• Has performed/will perform services as a lead/starring participant in productions/events with distinguished reputations as shown by critical reviews, ads, publicity releases, publications, contracts, or endorsements;
  • National or international recognition for achievements through critical reviews, other published materials by or about the beneficiary in major papers, trade journals, magazines, etc.;
  • Has performed in a lead, starring, or critical role for organizations and establishments that have a distinguished reputation evidenced by media articles, testimonials, etc.;
  • Has a record of major commercial or critically acclaimed success;
  • Has achieved significant recognition from organizations, critics, government agencies, recognized experts;
  • Has commanded or will command a high salary or other remuneration in relation to others in the field.

Foreign nationals intending to travel to the United States temporarily to assist with the O-1B principal’s performance may be able to receive an O-2 visa and status if the petition is filed in conjunction with the O-1B petition filed on behalf of the foreign national with extraordinary ability in the arts.

An initial petition of O-1 status may be approved for up to three (3) years. Although the O-1 visa and status is for a temporary period of time, there is no maximum period of time during which an individual may be in the United States in O-1 status.

Spouses and children of O-1 Extraordinary Aliens may be eligible to reside in the United States in O-3 status. Family members in O-3 status are not eligible for employment authorization in the United States. Children on O-3 status are eligible to attend school in the United States.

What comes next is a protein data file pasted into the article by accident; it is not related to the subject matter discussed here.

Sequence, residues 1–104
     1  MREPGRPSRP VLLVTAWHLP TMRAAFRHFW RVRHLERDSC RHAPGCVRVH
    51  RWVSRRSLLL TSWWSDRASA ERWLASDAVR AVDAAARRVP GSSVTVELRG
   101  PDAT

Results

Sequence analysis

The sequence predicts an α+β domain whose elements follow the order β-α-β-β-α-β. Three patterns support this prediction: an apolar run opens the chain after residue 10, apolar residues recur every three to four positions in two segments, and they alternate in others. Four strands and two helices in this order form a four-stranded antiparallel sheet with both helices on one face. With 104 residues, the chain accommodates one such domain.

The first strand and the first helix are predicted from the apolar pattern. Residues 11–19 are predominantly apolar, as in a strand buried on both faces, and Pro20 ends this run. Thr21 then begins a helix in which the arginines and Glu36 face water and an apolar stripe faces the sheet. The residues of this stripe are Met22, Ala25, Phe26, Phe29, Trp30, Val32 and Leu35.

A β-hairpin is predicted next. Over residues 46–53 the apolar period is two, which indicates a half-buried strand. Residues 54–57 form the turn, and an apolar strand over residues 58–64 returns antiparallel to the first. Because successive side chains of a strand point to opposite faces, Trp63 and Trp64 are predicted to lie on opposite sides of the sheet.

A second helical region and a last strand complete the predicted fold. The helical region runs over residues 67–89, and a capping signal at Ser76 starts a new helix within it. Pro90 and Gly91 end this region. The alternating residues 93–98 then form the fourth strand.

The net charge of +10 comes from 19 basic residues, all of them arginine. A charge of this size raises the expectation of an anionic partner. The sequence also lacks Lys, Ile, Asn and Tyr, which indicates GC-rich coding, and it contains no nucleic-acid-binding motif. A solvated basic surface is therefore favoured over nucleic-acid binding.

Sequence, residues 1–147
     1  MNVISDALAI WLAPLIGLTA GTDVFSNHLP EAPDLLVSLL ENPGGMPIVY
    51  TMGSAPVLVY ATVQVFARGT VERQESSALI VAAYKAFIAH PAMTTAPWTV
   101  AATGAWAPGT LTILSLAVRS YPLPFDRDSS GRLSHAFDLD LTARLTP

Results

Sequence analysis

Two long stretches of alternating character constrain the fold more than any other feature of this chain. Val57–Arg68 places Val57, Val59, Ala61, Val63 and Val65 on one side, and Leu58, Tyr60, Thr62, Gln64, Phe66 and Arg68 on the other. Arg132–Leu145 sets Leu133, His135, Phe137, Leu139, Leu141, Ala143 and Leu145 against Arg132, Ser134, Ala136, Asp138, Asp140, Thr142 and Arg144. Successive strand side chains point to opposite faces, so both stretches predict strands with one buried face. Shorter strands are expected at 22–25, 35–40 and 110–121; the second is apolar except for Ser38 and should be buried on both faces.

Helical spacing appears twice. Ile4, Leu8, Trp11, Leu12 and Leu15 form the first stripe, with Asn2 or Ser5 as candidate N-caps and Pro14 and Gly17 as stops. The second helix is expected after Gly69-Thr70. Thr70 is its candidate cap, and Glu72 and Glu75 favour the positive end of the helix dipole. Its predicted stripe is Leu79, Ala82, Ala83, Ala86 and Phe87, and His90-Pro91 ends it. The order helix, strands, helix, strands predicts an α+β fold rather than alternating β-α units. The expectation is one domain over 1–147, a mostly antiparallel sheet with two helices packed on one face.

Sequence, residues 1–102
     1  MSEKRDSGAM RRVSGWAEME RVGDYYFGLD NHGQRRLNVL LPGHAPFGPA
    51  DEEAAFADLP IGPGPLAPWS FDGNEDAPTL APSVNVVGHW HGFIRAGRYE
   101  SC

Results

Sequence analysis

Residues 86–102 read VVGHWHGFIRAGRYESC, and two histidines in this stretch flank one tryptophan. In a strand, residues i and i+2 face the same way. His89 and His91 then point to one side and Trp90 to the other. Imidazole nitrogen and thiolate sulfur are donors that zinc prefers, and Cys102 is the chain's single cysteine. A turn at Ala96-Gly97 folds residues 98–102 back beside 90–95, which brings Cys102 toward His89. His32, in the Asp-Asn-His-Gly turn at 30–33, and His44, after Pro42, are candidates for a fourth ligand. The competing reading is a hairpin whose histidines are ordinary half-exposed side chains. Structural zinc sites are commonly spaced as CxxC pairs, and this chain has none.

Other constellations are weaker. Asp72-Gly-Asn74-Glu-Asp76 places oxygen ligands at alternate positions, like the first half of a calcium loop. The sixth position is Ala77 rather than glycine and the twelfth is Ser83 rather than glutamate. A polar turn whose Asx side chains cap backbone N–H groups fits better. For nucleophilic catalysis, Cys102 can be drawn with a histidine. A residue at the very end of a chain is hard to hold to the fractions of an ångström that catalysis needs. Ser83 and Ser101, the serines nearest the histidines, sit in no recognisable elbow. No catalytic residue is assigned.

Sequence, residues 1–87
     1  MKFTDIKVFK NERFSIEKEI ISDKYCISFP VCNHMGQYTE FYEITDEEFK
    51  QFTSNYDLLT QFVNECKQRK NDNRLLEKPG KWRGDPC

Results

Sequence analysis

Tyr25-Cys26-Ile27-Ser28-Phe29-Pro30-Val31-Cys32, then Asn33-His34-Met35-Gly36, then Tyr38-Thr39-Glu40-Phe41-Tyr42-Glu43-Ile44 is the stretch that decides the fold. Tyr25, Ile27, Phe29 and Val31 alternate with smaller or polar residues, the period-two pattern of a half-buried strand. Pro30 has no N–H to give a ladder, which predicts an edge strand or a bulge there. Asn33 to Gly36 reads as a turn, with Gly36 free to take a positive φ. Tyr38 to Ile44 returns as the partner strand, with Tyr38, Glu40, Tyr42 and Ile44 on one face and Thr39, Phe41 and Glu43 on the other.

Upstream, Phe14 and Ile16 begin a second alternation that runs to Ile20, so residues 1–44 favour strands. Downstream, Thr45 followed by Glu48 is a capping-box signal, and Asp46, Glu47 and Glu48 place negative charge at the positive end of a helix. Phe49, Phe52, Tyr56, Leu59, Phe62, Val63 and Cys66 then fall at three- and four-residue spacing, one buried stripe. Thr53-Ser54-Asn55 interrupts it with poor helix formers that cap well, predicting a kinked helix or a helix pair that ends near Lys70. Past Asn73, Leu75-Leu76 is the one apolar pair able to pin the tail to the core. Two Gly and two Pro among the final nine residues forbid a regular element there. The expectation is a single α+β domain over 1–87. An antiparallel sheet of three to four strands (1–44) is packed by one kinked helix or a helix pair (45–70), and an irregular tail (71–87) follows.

Treaty National (TN)

The North American Free Trade Agreement (NAFTA) created special economic and trade relationships for the United States, Canada and Mexico. 

The Treaty National (TN) nonimmigrant classification allows U.S. employers to seek temporary employment authorization for certain professional Canadian or Mexican workers to work for the U.S. employer in a designated professional position. TN status is only available to citizens of Canada and Mexico.

The position in which the foreign worker will be employed must meet the definition of “NAFTA Professional” and the foreign worker must be qualified to perform the job duties of the NAFTA position.

Although it is possible for an employer to submit a petition to the U.S. Citizenship and Immigration Service (USCIS) on behalf of a qualified employee for TN status, there is no requirement that USCIS approve a petition for TN status. Canadian nationals may be able to present their application or TN status directly to a Customs and Border Protection (CBP) official at the U.S. Border. Mexican nationals must apply for a TN visa at a U.S. Embassy abroad in order to be admitted to the United States in TN status.